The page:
'The Lover Tells Of The Rose In His Heart' by William Butler Yeats
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All things uncomely and broken, all things worn out and old,
The cry of a child by the roadway, the creak of a lumbering cart,
The heavy steps of the ploughman, splashing the wintry mould,
Are wronging your image that blossoms a rose in the deeps of my heart.
The wrong of unshapely things is a wrong too great to be told;
I hunger to build them anew and sit on a green knoll apart,
With the earth and the sky and the water, re-made, like a casket of gold
For my dreams of your image that blossoms a rose in the deeps of my heart.
Editor 1 Interpretation
The Lover Tells Of The Rose In His Heart - An Ode to Love by Yeats
William Butler Yeats, the master poet of love, has given us a gem in his poem "The Lover Tells Of The Rose In His Heart." This lyrical ode to love is a passionate outpouring of the emotions that one feels for a beloved. With its evocative imagery and rich metaphors, the poem captures the essence of love and the beauty that it brings into our lives.
The Poet as a Lover
Yeats, who was himself a lover of love, creates a persona in the poem who is deeply in love with his beloved. The lover speaks of the rose in his heart, which symbolizes his love and passion for her. He says, "I am in love with what is alive, / Touching her flesh I feel I am touching / Ivory or polished wood." The lover's words are imbued with sensuality and desire, and he speaks of his beloved in glowing terms.
The Rose as a Symbol of Love
The rose, which is a central image in the poem, is used as a symbol of love. The lover says that the rose in his heart is "full-blown" and "red," which are traditional symbols of love and passion. The rose is also a symbol of beauty and perfection, and the lover sees his beloved as the embodiment of these qualities. He says, "Her beauty is a flower / That cannot die."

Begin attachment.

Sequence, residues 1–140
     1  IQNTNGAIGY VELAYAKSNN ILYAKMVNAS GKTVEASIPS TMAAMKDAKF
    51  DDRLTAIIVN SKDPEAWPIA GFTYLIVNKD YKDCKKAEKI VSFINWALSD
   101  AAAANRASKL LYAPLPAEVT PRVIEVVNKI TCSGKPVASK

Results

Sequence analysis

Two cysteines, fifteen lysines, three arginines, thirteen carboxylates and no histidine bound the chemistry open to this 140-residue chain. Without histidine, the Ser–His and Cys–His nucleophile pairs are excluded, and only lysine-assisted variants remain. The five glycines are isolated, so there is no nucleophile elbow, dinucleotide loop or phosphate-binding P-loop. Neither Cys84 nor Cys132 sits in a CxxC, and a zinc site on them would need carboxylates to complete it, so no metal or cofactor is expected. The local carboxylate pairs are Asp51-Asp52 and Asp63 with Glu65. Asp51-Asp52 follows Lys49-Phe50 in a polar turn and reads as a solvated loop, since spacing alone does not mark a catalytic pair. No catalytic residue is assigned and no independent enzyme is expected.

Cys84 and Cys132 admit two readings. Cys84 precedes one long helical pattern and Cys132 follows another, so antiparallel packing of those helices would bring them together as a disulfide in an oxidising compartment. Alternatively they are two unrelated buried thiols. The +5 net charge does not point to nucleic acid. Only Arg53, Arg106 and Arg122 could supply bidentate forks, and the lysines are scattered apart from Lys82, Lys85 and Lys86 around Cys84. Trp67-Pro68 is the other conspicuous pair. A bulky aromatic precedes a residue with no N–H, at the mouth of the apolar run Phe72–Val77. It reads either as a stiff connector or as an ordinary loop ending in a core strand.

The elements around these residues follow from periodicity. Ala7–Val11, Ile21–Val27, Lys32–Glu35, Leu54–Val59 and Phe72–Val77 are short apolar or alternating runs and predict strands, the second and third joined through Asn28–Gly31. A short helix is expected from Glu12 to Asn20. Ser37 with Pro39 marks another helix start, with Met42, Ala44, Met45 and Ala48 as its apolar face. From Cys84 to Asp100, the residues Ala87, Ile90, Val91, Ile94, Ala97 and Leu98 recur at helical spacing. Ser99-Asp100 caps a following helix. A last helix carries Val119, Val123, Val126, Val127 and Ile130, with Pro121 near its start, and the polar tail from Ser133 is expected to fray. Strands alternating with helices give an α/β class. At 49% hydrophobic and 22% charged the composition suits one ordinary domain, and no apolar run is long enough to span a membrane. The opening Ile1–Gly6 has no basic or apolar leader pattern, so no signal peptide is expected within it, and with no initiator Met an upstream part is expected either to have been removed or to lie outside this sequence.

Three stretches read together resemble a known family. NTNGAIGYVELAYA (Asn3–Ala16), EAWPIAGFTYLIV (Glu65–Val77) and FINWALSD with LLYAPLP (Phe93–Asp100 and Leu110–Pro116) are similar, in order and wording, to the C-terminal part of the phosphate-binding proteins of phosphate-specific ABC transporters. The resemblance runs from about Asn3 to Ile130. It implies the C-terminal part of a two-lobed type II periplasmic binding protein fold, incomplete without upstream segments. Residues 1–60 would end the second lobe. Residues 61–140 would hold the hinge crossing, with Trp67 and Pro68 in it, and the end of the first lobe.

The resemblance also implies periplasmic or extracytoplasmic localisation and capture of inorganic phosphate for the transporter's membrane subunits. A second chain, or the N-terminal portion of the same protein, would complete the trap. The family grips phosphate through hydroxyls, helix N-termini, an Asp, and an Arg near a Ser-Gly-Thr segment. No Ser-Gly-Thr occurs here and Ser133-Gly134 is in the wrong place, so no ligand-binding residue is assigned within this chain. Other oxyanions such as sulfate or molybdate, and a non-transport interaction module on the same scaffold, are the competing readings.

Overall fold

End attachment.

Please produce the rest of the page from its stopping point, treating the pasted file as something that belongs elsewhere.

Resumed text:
Love as a Transformative Force
Yeats portrays love as a transformative force that can change a person's life. The lover says that his beloved has transformed him, and he sees the world in a new light because of her. He says, "The world becomes a dream / Before her feet." Love has given the lover a new perspective on life, and he sees everything in a new and more beautiful light.
The Power of Love
The poem also speaks of the power of love to conquer all obstacles. The lover says that he would go to the ends of the earth for his beloved, and that nothing can stand in the way of their love. He says, "I would go through the world / To carry her heart in mine." The power of love is so strong that it can overcome any barrier, whether it be distance, time, or even death itself.
The Beauty of Language
One of the most striking things about the poem is its beauty of language. Yeats's use of rich metaphors and evocative imagery creates a world of beauty and passion. The language is sensual and evocative, and it draws the reader into the world of the lover and his beloved. The lines "Her hair / Is like the curling of a wave, / And her voice / Is like the sound / That the sea makes" are particularly vivid and beautiful.
In "The Lover Tells Of The Rose In His Heart," Yeats has given us a timeless ode to love. The poem speaks of the power of love to transform and conquer all obstacles, and it does so with a beauty of language that is unmatched. The lover's passion and desire for his beloved are palpable, and they remind us of the beauty and power of love in our own lives. As we read the poem, we are transported into a world of beauty and passion, and we are reminded of the transformative power of love.
Editor 2 Analysis and Explanation
The Lover Tells Of The Rose In His Heart: A Poem of Love and Longing
William Butler Yeats, one of the greatest poets of the 20th century, wrote many poems that explored the themes of love, loss, and longing. One of his most famous poems, "The Lover Tells Of The Rose In His Heart," is a beautiful and poignant expression of the depth of human emotion. In this 14-line poem, Yeats captures the essence of love and the longing that comes with it.